The deputy head of the CIA and a top US envoy launched a push to repair relations with Pakistan on Thursday following the American raid that killed Osama bin Laden in an army town, officials said.
Patching up ties could be difficult because Pakistanis are still seething that the US didn't tell them in advance about the May 2 raid near Islamabad, and US Congressmen are threatening to cut off billions of dollars amid suspicions that elements of Pakistan's security forces may have harbored bin Laden.
Also, a new survey taken before the raid by the Washington-based Pew Research Center showed US popularity in Pakistan has fallen to an all-time low, with just 11 percent of Pakistanis holding a favorable view of the country and President Barack Obama. The survey, which was released Tuesday, polled 1,970 people in Pakistan in April and has a margin of error of plus or minus three percent.Still, the US and Pakistan have a strong mutual dependency that is difficult to break. The US needs Pakistan to help resolve the war in Afghanistan, and American funds are critical to propping up Pakistan's economy and bankrolling its powerful military.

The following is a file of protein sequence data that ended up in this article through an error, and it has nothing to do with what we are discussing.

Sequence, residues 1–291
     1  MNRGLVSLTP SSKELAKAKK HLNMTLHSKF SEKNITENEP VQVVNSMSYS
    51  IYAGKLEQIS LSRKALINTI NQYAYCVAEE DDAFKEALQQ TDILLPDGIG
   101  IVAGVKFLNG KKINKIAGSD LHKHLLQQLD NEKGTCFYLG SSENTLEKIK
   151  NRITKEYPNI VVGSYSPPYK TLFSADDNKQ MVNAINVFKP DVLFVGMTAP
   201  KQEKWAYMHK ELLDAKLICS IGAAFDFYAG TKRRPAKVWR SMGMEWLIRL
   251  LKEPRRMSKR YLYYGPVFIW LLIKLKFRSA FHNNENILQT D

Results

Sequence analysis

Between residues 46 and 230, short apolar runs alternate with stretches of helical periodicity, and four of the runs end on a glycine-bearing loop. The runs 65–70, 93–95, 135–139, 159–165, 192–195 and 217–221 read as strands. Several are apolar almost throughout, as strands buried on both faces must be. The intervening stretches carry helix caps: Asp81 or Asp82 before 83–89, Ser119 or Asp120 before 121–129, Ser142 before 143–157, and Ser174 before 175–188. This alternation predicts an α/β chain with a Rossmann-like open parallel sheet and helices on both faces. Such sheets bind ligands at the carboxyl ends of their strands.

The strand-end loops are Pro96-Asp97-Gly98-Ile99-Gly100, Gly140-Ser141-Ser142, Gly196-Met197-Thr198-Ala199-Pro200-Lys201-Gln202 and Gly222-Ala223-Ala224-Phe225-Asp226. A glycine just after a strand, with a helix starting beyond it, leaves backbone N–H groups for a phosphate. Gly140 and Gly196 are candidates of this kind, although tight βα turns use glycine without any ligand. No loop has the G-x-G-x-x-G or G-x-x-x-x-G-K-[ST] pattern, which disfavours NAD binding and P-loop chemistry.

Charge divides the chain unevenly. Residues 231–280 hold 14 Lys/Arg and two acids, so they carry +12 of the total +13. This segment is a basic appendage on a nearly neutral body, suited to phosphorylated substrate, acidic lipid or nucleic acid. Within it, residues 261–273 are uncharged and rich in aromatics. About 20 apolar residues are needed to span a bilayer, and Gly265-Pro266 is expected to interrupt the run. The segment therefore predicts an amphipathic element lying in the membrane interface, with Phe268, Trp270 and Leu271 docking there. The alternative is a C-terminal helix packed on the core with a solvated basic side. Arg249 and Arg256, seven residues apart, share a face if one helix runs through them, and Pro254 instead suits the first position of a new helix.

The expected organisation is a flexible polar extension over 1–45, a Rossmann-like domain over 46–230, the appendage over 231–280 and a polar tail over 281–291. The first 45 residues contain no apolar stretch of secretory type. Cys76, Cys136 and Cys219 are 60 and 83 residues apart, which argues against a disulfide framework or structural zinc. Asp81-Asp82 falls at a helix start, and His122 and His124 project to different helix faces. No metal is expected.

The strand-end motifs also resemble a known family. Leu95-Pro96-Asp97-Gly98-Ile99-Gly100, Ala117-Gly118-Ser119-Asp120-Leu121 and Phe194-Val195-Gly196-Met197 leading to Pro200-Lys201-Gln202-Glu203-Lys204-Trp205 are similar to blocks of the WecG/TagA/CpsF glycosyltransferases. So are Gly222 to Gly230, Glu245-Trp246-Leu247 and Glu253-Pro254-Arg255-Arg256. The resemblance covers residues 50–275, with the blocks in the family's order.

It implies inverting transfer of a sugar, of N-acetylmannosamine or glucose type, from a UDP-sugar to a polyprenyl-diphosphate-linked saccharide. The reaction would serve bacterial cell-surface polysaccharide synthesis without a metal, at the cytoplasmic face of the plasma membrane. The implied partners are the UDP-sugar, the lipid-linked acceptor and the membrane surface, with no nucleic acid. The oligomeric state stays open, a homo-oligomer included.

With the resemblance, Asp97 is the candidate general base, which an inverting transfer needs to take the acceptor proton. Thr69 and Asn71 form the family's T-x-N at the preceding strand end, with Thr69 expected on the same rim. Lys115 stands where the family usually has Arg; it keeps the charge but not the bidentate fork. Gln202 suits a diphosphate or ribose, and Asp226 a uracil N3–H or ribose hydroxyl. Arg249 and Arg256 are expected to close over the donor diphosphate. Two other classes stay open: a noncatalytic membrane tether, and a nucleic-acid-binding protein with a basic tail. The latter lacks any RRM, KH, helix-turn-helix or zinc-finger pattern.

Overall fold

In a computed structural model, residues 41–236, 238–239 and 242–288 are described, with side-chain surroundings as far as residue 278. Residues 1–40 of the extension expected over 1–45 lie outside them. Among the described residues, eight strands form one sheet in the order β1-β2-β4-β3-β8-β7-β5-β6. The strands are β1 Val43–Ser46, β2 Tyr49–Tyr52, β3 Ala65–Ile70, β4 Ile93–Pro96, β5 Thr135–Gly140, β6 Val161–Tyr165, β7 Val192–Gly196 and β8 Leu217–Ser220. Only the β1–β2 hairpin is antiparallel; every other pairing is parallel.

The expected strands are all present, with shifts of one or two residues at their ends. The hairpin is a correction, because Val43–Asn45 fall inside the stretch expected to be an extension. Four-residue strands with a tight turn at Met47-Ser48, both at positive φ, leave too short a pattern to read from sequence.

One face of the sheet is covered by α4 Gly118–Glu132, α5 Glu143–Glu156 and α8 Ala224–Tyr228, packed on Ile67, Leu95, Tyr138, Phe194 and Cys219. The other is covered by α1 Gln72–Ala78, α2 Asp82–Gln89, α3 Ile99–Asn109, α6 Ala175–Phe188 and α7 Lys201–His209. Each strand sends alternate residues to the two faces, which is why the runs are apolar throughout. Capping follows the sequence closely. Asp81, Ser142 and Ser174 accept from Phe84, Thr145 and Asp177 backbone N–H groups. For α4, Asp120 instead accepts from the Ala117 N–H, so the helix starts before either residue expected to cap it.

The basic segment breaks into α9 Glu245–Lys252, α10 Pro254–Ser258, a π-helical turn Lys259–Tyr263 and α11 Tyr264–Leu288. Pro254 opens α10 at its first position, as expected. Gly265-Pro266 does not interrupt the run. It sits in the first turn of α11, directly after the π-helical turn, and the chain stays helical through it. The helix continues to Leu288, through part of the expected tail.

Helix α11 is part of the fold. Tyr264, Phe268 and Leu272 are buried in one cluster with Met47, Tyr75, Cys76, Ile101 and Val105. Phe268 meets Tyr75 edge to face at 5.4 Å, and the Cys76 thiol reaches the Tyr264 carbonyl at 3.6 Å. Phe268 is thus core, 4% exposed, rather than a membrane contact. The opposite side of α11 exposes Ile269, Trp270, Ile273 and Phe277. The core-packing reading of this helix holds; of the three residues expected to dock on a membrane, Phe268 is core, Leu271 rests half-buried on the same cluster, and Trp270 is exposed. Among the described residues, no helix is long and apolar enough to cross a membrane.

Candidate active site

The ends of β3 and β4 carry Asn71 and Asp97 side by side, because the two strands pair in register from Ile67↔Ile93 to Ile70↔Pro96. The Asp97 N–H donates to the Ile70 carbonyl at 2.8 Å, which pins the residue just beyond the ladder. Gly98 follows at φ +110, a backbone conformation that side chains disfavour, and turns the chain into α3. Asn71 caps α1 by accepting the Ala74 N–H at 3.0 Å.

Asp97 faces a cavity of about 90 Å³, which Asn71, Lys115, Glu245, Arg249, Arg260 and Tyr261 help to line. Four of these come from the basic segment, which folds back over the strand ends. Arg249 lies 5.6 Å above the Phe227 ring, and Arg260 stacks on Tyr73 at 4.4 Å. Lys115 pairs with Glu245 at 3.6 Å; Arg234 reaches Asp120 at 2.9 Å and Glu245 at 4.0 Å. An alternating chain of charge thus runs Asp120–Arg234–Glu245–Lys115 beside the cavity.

Marc Grossman, the Obama administration's special envoy to Pakistan and Afghanistan, is scheduled to meet with senior Pakistani civilian and military leaders in Islamabad on Thursday, said US Embassy spokesman Alberto Rodriguez.
His counterpart on the trip, Michael Morell, deputy director of the CIA, is slated to meet with Pakistani intelligence chief Lt. Gen. Ahmed Shuja Pasha, said Pakistani officials briefed on the visit. They spoke on condition of anonymity because of the sensitivity of the issue.